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How Diabetes Causes Foot Problems

 

Many factors work in unison to cause foot problems in people who have diabetes , especially poor circulation and nerve disease ( neuropathy ). Neuropathy significantly dulls awareness of your feet, making you more susceptible to extensive injury-related damage. If your vision has been affected by diabetic retinopathy or other eye problems, you may not detect an injury or infection early. If you get a foot infection or injury, you may not notice it until your condition is so serious that you require surgery, possibly amputation.

Who's at risk?

Risk factors for diabetic foot problems include:

  • Poor blood glucose control. If your blood sugar levels are persistently above the target range, you are more likely to have foot problems.
  • Age. The risk increases with age.
  • Gender. Males are at higher risk.
  • Race. African Americans, Hispanics, and Native Americans are at higher risk.
  • Duration of diabetes. The longer you have the disease, the greater your risk.
  • Other complications due to diabetes (small blood vessel disease, atherosclerosis of large vessels). If you already have other diabetic complications, you are more likely to have foot problems.
  • Smoking. Smoking contributes to circulatory problems in your extremities, increasing your likelihood of developing foot problems.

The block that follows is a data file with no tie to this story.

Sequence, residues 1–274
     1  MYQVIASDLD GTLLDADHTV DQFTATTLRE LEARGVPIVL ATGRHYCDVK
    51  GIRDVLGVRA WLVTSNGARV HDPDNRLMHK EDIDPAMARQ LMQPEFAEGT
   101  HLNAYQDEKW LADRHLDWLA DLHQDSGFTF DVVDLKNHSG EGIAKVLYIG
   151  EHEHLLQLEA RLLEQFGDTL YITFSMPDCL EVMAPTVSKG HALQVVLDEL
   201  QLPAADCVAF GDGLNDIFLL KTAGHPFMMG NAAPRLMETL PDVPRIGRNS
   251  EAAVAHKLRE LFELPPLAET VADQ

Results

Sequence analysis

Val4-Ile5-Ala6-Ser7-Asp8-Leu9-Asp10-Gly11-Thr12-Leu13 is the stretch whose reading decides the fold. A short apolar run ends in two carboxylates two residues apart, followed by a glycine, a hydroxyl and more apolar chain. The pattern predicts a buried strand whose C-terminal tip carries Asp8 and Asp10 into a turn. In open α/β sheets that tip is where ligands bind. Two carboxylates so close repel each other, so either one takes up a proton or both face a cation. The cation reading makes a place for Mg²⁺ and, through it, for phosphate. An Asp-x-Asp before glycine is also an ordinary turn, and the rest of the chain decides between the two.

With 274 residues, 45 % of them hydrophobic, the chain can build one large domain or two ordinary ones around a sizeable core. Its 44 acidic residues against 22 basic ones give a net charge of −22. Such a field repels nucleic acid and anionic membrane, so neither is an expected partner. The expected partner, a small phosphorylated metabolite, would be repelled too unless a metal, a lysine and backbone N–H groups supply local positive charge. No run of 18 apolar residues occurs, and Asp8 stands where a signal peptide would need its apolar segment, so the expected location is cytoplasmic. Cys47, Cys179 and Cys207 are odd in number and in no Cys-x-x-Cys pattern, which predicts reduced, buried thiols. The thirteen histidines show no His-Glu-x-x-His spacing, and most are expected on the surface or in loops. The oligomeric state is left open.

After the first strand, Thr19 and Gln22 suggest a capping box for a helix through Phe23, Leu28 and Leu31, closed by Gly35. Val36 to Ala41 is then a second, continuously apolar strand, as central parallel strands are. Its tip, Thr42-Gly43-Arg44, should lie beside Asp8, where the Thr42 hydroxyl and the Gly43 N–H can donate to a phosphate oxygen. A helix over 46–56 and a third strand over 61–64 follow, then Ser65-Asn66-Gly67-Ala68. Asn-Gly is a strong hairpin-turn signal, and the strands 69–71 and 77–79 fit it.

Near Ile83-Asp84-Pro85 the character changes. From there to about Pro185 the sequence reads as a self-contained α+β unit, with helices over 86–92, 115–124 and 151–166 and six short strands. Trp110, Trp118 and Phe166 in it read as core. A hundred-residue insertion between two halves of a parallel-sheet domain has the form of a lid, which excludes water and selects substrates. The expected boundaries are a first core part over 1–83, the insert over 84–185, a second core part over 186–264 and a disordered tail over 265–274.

• Peripheral neuropathy (damage to the nerves that control sensation and touch). Peripheral neuropathy results in poor sensation in your extremities, increasing your likelihood of having foot problems.

How do problems start?

Because foot disease in diabetes usually begins with neuropathy, your first step in preventing foot problems should be addressing problems with your nerves. Neuropathy causes problems in your feet by disrupting your nerves, both reducing your sensation of pain and causing problems with the way you walk. Such problems can damage your feet in the following ways:

  • Reduced sensation prevents you from sensing pain and realizing that your foot has been injured. Poor eyesight can also reduce your ability to detect foot injuries and infections. For example, you may have a blister and not realize it because you do not feel any associated pain or see the blister. Without treatment, this injury may progress to infection.
  • Impaired muscular control causes you to walk in an abnormal way. By making your foot position abnormal, neuropathy can increase your chances of getting pressure-related injuries, such as calluses and blisters.

 

By Healthwise Staff
Primary Medical Reviewer Anne C. Poinier, MD - Internal Medicine
Specialist Medical Reviewer Barrie J. Hurwitz, MD - Neurology
Last Revised May 13, 2010

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